Launch preparations for Gravity-1 aboard the Defu-15002 sea platform. Credit: Orienspace

HELSINKI — Chinese launch firm Orienspace announced a series B funding round shortly after its successful debut launch, as China moves to nurture its growing commercial space ecosystem. 

Orienspace announced the funding round worth nearly 600 million yuan ($83.5 million) Jan. 24. Investors include Liangxi Science and Technology Innovation Industry Fund of Funds, Hongtai Fund, Xin Ding Capital, CMBC International Holdings, Shanhang Capital and Shenyin & Wanguo Investment. 

The funds will be used for research and development of its first liquid propellant rocket. The 60-meter-tall, 4.2-meter-diameter Gravity-2 will use nine 100-ton-thrust Yuanli-85 gas generator, variable thrust kerosene engines for the first stage and be supported by solid boosters. The first stage is planned to be reusable.

A full hot fire test of the Yuanli-85 is expected in the first quarter of 2024. The first engine rolled off the production line in Liangxi District, Wuxi City, Orienspace announced early February. Notably, one of the new investors, Liangxi Science and Technology Innovation Industry Fund of Funds, is backed by Wuxi authorities.

The company says the rocket will have a payload capacity of 25.6 tons to low Earth orbit (LEO), 19.1 tons to a 500-kilometer sun-synchronous orbit (SSO), or 7.7 tons to geostationary transfer orbit (GTO). 

Gravity-2 aims to operate at a similar price per kilogram as the SpaceX Falcon 9. The first Gravity-2 launch is planned for 2025 or 2026. 

The funding announcement followed closely after the spectacular first launch of its Gravity-1 large, all-solid rocket from a mobile sea platform Jan. 11. That launch, Orienspace revealed after the event, carried a 3-ton prototype low-cost cargo spacecraft as a mass simulator as well as the satellites inserted into orbit for customers.

China moves to boost commercial space

The substantial funding round indicates investor confidence in Orienspace despite a crowded field of competitors. Orienspace, established in 2020, is one of the newer launch companies to emerge in the Chinese commercial sector. The firm sees a number of opportunities despite being a late mover.

The development also highlights Chinese cities competing to attract space and high-end technology firms to drive growth and innovation. There is also a growing focus on commercial space in China. The governments of Beijing and Shanghai recently unveiled action plans to foster commercial space.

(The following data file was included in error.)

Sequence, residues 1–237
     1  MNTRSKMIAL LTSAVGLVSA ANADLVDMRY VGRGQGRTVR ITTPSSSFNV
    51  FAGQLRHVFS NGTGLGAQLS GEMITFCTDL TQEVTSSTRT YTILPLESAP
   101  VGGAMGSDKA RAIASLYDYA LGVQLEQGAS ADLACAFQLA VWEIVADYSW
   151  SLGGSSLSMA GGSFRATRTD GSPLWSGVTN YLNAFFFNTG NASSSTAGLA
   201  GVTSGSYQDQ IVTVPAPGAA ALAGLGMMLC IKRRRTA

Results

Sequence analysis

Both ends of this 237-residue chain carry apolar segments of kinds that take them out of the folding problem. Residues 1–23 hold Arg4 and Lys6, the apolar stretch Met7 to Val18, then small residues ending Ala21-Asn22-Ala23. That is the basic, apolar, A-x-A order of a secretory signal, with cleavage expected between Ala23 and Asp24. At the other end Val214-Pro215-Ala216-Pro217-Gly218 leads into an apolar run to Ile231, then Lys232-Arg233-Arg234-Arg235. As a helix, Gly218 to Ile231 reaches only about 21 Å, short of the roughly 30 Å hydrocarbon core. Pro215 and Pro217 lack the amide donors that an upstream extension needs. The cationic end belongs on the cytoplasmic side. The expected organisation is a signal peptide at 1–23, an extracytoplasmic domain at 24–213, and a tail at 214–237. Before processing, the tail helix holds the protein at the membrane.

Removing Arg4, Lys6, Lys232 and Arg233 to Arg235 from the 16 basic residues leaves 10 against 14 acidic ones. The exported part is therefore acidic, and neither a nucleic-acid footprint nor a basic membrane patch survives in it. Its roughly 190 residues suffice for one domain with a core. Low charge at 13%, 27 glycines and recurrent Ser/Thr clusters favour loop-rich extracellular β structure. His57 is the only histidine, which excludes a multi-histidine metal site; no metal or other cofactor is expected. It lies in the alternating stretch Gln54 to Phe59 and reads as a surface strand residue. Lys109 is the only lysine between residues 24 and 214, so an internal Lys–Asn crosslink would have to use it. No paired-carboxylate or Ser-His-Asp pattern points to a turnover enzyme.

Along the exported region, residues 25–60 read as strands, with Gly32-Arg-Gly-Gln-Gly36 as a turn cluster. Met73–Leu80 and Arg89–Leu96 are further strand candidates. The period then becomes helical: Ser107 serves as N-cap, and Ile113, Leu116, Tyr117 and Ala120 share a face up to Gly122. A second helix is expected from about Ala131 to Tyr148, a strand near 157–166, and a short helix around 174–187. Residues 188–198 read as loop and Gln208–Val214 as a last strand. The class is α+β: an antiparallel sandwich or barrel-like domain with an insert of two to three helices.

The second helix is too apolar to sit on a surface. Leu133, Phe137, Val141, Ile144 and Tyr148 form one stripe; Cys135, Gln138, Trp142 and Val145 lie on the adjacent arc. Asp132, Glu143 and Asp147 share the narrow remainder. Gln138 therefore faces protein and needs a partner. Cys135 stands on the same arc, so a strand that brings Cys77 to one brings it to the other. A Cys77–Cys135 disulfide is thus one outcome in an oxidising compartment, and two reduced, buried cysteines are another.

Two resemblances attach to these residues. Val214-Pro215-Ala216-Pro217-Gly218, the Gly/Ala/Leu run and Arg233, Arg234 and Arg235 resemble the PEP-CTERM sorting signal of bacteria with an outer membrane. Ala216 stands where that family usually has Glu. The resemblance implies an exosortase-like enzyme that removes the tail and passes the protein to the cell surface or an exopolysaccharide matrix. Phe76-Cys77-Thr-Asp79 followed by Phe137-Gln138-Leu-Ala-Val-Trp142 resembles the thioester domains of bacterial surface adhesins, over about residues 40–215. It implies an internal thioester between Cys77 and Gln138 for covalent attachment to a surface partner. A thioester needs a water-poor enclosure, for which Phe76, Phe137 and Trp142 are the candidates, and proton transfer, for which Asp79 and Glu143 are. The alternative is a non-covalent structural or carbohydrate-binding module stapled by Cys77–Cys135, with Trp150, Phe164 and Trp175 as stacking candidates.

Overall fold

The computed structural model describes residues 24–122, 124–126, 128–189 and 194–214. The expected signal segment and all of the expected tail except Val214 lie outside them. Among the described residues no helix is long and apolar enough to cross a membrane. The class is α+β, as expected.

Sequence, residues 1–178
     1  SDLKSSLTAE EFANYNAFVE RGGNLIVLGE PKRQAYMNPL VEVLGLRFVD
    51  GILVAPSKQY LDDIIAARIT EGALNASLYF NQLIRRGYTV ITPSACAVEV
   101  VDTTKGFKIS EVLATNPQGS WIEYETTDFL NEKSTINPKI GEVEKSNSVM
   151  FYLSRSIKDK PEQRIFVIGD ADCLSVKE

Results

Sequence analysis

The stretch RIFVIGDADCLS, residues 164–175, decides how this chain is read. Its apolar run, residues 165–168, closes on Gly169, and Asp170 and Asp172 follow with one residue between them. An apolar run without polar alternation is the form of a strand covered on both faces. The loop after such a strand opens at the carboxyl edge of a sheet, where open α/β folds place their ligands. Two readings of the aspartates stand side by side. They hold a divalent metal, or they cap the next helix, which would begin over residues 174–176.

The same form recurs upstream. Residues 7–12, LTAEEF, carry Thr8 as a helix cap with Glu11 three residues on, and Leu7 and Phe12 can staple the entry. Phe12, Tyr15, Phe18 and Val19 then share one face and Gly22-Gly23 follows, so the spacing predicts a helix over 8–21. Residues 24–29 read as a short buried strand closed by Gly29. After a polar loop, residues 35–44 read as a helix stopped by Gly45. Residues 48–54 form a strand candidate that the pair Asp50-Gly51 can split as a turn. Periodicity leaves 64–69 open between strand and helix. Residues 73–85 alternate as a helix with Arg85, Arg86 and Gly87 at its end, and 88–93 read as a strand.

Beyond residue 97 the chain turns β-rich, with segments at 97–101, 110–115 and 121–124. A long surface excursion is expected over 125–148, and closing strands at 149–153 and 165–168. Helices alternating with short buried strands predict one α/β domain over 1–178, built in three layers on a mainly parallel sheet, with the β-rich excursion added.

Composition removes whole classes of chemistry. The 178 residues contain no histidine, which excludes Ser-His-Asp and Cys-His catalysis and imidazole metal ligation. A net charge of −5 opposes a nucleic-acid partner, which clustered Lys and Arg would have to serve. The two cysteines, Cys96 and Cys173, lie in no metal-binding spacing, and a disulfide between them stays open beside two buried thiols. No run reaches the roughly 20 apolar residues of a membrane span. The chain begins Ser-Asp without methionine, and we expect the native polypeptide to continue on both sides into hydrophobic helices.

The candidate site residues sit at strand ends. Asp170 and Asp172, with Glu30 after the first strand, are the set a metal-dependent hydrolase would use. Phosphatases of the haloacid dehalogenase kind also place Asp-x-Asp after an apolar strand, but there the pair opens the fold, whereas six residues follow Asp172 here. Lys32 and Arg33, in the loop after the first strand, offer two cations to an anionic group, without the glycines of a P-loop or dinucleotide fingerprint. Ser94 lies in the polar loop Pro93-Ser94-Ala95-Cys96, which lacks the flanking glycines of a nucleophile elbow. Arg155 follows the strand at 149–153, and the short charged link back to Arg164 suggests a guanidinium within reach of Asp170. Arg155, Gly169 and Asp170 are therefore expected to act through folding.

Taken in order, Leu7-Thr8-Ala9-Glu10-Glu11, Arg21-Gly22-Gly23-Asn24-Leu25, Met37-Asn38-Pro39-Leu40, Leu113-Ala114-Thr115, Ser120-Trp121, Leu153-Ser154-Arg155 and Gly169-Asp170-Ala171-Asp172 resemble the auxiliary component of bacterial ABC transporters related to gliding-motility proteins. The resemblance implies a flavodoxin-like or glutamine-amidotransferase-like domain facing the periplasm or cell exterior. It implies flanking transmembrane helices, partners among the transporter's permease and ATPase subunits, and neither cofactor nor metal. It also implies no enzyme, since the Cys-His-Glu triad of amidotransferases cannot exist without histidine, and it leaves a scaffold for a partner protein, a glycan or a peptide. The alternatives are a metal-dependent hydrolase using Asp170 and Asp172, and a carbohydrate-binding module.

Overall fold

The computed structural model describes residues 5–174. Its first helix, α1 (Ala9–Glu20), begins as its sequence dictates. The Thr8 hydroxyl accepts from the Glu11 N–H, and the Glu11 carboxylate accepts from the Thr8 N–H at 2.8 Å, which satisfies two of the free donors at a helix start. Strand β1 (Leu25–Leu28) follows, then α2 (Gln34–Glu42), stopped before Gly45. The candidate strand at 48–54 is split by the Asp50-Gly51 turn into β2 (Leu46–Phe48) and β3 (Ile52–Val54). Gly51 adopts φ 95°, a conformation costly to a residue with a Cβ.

China has been fostering a commercial space sector since late 2014. The government opened the industry to private capital and has provided incentives, policy support and facilitated technology transfer. The latter has been implemented through a military-civil fusion national strategy. 

China’s central government in December identified the commercial space industry as one of several strategic emerging industries to nurture. Supporting this sector could potentially enhance China’s overall space capabilities as well as boosting international ties, national prestige, and China’s influence in the global space arena.

Orienspace CEO Yao Song stated previously that the firm has already secured orders for the launch of hundreds of satellites. It has been shortlisted in plans for a number of satellite constellations, according to Yao.

The national Guowang and Shanghai-backed G60 Starlink LEO broadband constellations—with the latter having recently raised $943 million—have emerged as potential sources of revenue in recent years. Commercial Tiangong Space station cargo missions are another possibility. These developments have been followed by companies beginning to develop larger launch vehicles.

Future plans include the Gravity-3, which would combine three Gravity-2 core stages in a Falcon Heavy-type arrangement. Planned payload capacity is 30.6 tons of payload to LEO, 20.5 tons to SSO and 9.6 tons to GTO. Notably 8 tons to lunar transfer orbit is also cited.

The company will face competition for a range of commercial and state-backed entities which are developing their own reusable launchers.

CompanyRocket NameRocket TypeKey Features or Notes
iSpaceHyperbola-3Methane-liquid oxygen reusablePayload capacity of 8,500 kg to Low Earth Orbit (LEO); first flight planned for 2025.
LandspaceZhuque-3Methalox reusablePayload capacity up to 21,000 kg to LEO; first flight planned for 2025.
Galactic EnergyPallas-1Kerosene-liquid oxygen reusablePayload capacity of 5,000 kg to LEO, or 3,000 kg to a 700 km sun-synchronous orbit (SSO).
CAS SpaceKinetica 2Kerolox reusablePayload capacity of 7,800 kg to 500 km SSO. Debut targeted in 2025.
Deep Blue AerospaceNebula-1Kerolox reusablePayload capacity of 1,000 kg to 500 km SSO; first flight planned in late 2024.
Space PioneerTianlong-3KeroloxComparable to Falcon 9 in launch capability; plans for a reusable first stage.
CASCVariousVariousWorking on reusable rockets including a new-generation human-rated launcher and Long March 9 super heavy-lift launcher.
Non-exhaustive list of planned Chinese reusable rockets (Andrew Jones/SpaceNews).

Andrew Jones covers China's space industry for SpaceNews. Andrew has previously lived in China and reported from major space conferences there. Based in Helsinki, Finland, he has written for National Geographic, New Scientist, Smithsonian Magazine, Sky...